BUCOLIC CREATURES AND THE FEEDERS ON THE DECK … Marilyn Armstrong

FOWC with Fandango — Bucolic

How much more bucolic can one get than spending hours staring out the window, watching nature nibble its way through our feeders? These days, every time I get up for any reason, the first thing I do is look out the window to see what’s on the feeders. Early in the morning, usually a big squirrel. Later, birds — and another squirrel. Eventually, the squirrel has something else to do and the birds get a go at it

They come in waves. We welcome flocks of Goldfinch, Cowbirds, Woodpeckers, Doves, Nuthatches, Chickadees, Carolina Wrens … and the occasional Cardinals (male and female), finches of various kinds. They all come. The bucolic birds and critters of the woods. Sometimes, they sing, too.

Garry filled the feeder yesterday and it is more than half empty today. I figure that’s probably the doves and the squirrels. Those are BIG eaters!

Our favorite 4-legged furry bird
Pretty red House Finch
Brown-headed Cowbird and red House Finch
A pair of bright yellow Goldfinch
Chickadee and Goldfinch
Flocks of Goldfinch
Red-bellied Woodpecker
Lady Cardinal
Cardinal, well-fed!

A NEW BEAK IN TOWN – Marilyn Armstrong

A NEW BEAK CAME TO TOWN A FEW DAYS AGO

I saw him at the feeder on Monday. “That’s a new kid,” I announced, but of course I didn’t get a picture because I wasn’t holding the camera. Just watching the birdies flutter about.

This morning, I heard the call. The wild call of the Carolina Wren. He has the loudest call of any bird of that size, which is smaller than a Robin, but bigger than a Finch.

You can’t miss the call. You can hear it through closed windows and doors. This time, I heard it in the living room … and the sound was coming from the backyard. I went back there, missed him, but while I was standing there with my camera in my hand, staring at the empty feeder, who should land but the aforementioned and previously heard, Carolina Wren.

The Carolina Wren and his little yellow Goldfinch pal

As I was reading up on this little wren, there was a lot of commentary on how these migratory birds have largely stopped migrating. Partly, because of climate change and alterations to their environment, but even more because of …

me.

Squared. with pointed beak — Carolina Wren

People with feeders have dramatically changed the migration of birds. Whereas they used to fly to the tropics, many just fly down to like … Maryland or New Jersey … and now, many are not bothering to migrate at all.

I read an exchange between someone in South Carolina bemoaning her lack of Carolina Wrens and was answered by someone in Michigan who said, “Well, we just got a foot of snow and they are happily eating at my feeder on the porch!”

The last of the square pictures. Some of the shots just did NOT want to be square, not without losing a piece of wing or tail …

We feeder owners are supposed to report seeing birds showing up where they should not be … and especially if they seem to be suffering from an ailment.

THE SQUIRREL WHO WOULDN’T LEAVE – Marilyn Armstrong

When I bought a second, flat feeder, I knew the squirrels would enjoy it.

You can’t not feed the squirrels unless you live somewhere where there are no squirrels and where might that be? The best you can do is put up feeders which the squirrels won’t destroy.

Let’s hope the bears don’t show up.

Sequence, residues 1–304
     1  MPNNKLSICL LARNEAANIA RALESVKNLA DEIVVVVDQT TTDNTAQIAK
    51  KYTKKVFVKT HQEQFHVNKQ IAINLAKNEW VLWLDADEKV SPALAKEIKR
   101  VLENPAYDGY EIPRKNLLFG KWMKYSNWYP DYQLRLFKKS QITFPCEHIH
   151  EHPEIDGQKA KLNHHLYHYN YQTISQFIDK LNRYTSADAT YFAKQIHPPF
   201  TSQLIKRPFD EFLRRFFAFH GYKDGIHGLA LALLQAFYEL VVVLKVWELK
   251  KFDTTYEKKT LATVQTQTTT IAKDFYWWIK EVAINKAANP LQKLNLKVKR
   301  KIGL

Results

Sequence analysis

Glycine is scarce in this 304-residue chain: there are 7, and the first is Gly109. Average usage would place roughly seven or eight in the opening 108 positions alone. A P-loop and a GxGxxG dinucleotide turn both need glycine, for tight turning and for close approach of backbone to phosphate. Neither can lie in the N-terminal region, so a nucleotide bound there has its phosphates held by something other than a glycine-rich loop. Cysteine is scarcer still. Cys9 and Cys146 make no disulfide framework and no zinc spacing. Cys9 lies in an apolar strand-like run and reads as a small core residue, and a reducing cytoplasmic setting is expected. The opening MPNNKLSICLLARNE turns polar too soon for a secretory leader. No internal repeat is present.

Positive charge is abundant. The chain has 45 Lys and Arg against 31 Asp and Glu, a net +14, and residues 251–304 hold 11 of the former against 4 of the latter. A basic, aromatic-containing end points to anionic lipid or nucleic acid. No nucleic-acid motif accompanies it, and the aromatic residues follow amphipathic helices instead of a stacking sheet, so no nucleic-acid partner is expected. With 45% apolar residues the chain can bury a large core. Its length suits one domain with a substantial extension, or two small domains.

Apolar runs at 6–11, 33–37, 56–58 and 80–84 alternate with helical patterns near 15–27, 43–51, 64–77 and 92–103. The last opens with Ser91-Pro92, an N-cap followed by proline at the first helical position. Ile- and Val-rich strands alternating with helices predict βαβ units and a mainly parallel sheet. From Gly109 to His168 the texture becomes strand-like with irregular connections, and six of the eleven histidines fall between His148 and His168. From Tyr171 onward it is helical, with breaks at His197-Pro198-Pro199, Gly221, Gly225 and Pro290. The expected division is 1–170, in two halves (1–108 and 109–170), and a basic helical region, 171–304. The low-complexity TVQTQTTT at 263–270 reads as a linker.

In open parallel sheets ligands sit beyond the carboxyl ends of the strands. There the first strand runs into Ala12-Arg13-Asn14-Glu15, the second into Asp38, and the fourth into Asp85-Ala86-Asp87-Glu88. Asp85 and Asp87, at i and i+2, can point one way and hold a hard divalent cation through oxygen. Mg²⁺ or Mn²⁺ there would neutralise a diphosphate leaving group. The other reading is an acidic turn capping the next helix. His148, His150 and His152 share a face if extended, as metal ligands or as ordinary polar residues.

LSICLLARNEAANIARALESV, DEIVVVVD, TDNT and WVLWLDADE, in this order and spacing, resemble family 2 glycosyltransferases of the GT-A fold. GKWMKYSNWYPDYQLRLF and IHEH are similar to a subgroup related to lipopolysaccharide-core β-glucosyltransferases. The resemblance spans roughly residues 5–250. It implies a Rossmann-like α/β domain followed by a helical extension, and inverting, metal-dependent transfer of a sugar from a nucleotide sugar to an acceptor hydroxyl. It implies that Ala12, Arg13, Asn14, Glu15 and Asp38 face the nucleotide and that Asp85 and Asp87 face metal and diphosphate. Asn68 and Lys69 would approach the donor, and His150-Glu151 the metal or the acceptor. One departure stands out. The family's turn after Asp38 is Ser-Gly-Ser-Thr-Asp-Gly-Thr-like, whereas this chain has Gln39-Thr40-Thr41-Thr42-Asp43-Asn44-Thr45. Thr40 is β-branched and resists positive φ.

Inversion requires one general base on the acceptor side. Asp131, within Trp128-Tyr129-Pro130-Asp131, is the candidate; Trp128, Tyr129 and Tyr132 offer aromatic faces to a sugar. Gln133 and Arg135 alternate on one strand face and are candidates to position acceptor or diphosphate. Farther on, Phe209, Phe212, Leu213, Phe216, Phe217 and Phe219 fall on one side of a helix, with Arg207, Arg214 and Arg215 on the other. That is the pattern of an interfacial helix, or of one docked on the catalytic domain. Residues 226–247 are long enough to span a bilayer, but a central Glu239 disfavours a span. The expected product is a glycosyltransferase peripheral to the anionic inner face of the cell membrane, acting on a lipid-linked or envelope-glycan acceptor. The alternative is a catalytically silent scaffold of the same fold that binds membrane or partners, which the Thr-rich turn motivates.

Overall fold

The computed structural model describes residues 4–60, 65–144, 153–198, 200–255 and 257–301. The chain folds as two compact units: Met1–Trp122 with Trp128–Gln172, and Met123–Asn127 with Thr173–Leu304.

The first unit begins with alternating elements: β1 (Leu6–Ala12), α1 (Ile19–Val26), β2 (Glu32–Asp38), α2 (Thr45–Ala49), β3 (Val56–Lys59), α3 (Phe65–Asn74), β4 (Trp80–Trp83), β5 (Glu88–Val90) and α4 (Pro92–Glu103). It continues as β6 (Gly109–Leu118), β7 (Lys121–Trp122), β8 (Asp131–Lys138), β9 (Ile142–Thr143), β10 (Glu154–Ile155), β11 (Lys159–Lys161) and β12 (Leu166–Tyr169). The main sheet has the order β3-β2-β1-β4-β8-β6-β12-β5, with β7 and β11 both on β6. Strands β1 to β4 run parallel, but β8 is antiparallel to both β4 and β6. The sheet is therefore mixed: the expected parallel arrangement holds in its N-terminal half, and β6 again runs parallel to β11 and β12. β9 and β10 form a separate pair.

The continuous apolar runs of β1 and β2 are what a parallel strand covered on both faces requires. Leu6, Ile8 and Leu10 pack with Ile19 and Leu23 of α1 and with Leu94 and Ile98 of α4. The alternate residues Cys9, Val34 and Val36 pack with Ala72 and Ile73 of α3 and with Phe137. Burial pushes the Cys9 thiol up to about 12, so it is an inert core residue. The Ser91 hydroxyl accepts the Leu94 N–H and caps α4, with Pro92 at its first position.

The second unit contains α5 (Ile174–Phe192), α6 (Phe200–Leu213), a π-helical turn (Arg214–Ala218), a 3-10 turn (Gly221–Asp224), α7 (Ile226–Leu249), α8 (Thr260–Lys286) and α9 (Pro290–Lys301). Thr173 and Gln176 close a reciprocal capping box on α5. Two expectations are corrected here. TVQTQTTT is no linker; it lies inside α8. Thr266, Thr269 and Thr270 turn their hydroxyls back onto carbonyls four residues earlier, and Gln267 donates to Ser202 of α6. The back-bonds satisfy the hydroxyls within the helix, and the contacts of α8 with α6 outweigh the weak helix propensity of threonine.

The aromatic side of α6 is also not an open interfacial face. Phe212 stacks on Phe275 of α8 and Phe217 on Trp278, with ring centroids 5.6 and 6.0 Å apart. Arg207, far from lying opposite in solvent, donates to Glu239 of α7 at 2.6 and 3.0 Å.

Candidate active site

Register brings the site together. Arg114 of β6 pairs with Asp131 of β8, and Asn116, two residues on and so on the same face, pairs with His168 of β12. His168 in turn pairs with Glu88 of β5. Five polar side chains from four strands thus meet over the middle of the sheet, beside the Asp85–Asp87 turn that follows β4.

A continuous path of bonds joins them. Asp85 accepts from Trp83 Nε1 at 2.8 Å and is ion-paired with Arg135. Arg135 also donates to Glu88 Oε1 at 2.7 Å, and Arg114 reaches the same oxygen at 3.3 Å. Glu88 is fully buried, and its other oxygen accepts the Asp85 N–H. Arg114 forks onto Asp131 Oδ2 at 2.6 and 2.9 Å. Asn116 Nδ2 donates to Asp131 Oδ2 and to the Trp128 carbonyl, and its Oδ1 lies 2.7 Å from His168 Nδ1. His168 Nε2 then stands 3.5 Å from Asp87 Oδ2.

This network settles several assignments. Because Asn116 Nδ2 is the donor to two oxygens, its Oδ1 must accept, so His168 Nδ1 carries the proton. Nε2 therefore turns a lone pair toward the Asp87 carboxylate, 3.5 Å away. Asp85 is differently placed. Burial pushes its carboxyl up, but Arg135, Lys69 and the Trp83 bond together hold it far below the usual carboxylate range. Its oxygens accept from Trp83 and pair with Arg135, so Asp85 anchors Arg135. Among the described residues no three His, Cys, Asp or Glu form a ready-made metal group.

So the hanging feeder is metal and guaranteed to survive attacking squirrels and the flat feeder basically says “Come one, come all.”

It took the squirrels about a week to discover the feeders. After that, it took another 48 hours to recognize I am a mere, powerless homeowner. So no matter what I tell them, they don’t have to go.

It’s something about me, I suppose. Garry says I’m a softie and everyone (everything) knows it. The first time I saw a fat squirrel sitting in the flat feeder, I tapped on the window and he was so surprised, he fell onto the deck and hit the stairs at a run.

Times change.

This morning I got up and there was a smaller (girl?) squirrel settled into the flat feeder munching down about two pounds of corn and sunflower seeds. I tapped on the window. She looked me squarely in the eyes and dove back into the goodies. I tapped again. She ignored me completely.

I finally opened the door and said: “Hey, Squirrel Girl, move your butt outta there.” She looked at me and I swear it could have been Bonnie giving me the same look. She took another mouthful of corn and didn’t even twitch.

“I said move it on out. You’ve had enough. Leave something for the other guests.”

No movement. She sat there munching corn. She had a calculating look, the same one I get from the dogs. “How fast can she really run? What’s she gonna do anyhow? Hey, this corn is yummy.”

So I finally went out onto the deck and said: “Run for it, squirrel, or you’re going to be MY dinner.” Very slowly, she emerged from the feeder, climbed down the upright and sat on the railing. Looking at me. I said, “Go. I mean it.”

She walked — slowly — to the top of the stairs and sat there. I approached. She went down a couple of steps. I stomped on the deck. She went down two more steps. I waved my hands around and finally, she left. It was obvious the moment I wasn’t there, she’d be back. Even if I am there, she will still be back. There are fearless squirrels in my forest.

“Are you going to give her a name?” Garry asked.

Goodbye! Actually, she was jumping INTO the flat feeder, not out of it.

This squirrel is not a visitor. She has moved in. She is now one of the kids and will expect high-quality victuals from this day forward.